“We need a better solution” for transportation, said Michigan Gov. Rick Snyder.

CHICAGO -- The Michigan Legislature adjourned for the summer on June 12 after failing to reach an agreement on new transportation funding despite weeks of intensive lobbying from business and labor groups and Gov. Rick Snyder.

In the final hours of their session, lawmakers did approve the final pieces of a $37.5 billion 2015 budget and send it to Snyder for his signature.

The governor called it a productive session, naming a high-profile, nine-bill legislative package for Detroit and a minimum wage increase as two achievements. But measures that would have raised taxes and fees to generate new money for the state's troubled roads and highways failed.

"Last night was a difficult night," Snyder said in a media call June 12, referring to a 12-hour Wednesday session that saw several road funding bills defeated by narrow votes. "Ultimately we need something that will pass through both chambers on my desk that involves more revenue and that's what we need."

The governor wants at least $1.2 billion in new annual funding for transportation in what has become one of his signature issues. It's the second year that Snyder has unsuccessfully pushed for passage of funding changes.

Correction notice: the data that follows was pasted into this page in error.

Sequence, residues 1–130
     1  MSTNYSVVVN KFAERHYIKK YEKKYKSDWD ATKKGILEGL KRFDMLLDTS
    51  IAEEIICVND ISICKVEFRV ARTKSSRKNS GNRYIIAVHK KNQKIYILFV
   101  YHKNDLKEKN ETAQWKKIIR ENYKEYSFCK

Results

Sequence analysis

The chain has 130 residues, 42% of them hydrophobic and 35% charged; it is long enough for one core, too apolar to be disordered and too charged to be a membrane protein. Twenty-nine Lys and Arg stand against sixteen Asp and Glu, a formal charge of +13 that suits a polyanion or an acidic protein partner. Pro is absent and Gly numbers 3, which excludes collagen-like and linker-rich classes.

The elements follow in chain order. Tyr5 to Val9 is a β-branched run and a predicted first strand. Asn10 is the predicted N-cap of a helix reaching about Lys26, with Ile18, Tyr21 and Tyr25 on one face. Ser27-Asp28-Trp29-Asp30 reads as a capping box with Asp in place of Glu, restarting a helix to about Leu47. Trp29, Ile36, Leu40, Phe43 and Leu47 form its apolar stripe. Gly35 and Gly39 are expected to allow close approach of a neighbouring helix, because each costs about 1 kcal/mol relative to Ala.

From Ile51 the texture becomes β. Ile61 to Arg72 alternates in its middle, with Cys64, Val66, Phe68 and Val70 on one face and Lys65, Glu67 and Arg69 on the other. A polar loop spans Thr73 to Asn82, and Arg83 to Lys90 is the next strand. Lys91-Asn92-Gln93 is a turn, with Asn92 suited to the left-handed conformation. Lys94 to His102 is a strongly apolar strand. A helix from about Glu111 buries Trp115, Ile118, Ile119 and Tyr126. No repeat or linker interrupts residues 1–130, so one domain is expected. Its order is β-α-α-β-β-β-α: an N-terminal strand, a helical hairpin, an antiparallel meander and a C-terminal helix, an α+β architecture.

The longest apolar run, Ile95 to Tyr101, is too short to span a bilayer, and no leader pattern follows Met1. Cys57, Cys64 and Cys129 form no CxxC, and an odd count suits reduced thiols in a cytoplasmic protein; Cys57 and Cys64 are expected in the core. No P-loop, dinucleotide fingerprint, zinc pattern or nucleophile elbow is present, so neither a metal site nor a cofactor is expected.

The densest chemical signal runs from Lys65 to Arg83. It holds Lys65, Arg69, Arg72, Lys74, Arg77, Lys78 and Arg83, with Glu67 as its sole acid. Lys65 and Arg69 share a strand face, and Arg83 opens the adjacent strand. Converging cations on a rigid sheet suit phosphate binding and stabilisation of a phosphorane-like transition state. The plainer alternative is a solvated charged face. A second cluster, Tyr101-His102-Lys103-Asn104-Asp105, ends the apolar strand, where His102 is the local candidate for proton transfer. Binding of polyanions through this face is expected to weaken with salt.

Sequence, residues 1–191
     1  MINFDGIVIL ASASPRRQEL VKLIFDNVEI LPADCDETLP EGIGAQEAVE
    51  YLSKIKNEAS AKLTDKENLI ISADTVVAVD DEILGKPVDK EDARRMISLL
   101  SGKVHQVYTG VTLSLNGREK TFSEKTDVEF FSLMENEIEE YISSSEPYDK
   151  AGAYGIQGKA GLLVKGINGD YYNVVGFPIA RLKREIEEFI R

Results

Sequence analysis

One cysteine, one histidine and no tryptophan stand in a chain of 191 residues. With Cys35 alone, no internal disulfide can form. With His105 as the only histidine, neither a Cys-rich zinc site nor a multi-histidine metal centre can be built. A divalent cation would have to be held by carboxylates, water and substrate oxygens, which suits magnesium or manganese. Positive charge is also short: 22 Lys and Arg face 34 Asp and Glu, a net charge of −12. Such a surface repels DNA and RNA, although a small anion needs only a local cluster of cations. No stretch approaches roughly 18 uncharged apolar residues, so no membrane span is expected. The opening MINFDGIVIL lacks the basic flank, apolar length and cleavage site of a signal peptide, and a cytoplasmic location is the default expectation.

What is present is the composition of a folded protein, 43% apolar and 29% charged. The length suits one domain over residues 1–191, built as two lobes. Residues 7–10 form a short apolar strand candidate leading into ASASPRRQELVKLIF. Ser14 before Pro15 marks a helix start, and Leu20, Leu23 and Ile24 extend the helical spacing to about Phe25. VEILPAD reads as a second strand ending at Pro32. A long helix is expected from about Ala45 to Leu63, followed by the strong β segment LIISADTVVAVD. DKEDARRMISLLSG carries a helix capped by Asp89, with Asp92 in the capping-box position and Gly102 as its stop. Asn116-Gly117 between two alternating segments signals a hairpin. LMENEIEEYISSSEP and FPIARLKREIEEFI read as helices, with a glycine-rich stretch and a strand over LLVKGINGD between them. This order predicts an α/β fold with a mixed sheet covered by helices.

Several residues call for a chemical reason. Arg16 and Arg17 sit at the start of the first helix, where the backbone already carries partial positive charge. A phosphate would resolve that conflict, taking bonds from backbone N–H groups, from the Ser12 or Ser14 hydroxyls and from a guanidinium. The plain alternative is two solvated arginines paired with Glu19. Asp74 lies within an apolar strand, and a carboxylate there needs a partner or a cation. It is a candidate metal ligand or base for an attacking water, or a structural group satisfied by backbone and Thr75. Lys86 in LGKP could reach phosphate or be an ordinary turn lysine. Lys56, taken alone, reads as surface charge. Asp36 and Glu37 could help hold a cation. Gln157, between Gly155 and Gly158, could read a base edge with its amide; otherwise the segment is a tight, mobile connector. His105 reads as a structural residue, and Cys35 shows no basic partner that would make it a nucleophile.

Snyder's fellow Republicans control the legislature but so far no consensus has emerged on transportation.

Senators defeated several bills that proposed gas tax increases of various sizes, including one bill that bundled the tax increase with a property tax credit as requested by Senate Democrats. The Senate also failed to pass a resolution that would have asked voters in November if the sales tax should be increased to 6% from 5%, with the new money going towards roads.

One of the measures would have raised nearly $1.5 billion in new money for transportation.

The House passed a $450 million road funding package in early May, but it failed to gain support in the Senate.

Snyder noted that the new 2015 budget included general fund revenue for road repairs badly needed after a hard winter, but said that a long-term structural solution is needed.

"It really has gravitated to being an issue that has the full attention of the members of both chambers and both parties, and I view that as positive progress," he said. But "we need a better solution, and I've been pretty consistent on that for two or three years by now."

The 2015 budget includes $271 million in general fund revenue for roads.

Senate Majority Leader Randy Richardville, R-Monroe, said he plans to form a work group over the summer to take up the issue.

Meanwhile, Snyder said he plans "an intensive review" of the new budget that lawmakers approved in final votes Thursday, but that he does not expect to veto any major items.

The 2015 spending plan includes a $1 billion increase in K-12 funding, which Snyder said is the biggest annual education spending bump in the state's history. The school aid fund totals $15.7 billion, which includes K-12 and higher education.

The state will boost revenue aid to local governments by 7.4%, or $1.2 billion, next year.

The new budget is a nearly 12% spending increase over the current budget. The state will set aside $94 million for the rainy-day fund.

The state's fiscal year begins Oct. 1.

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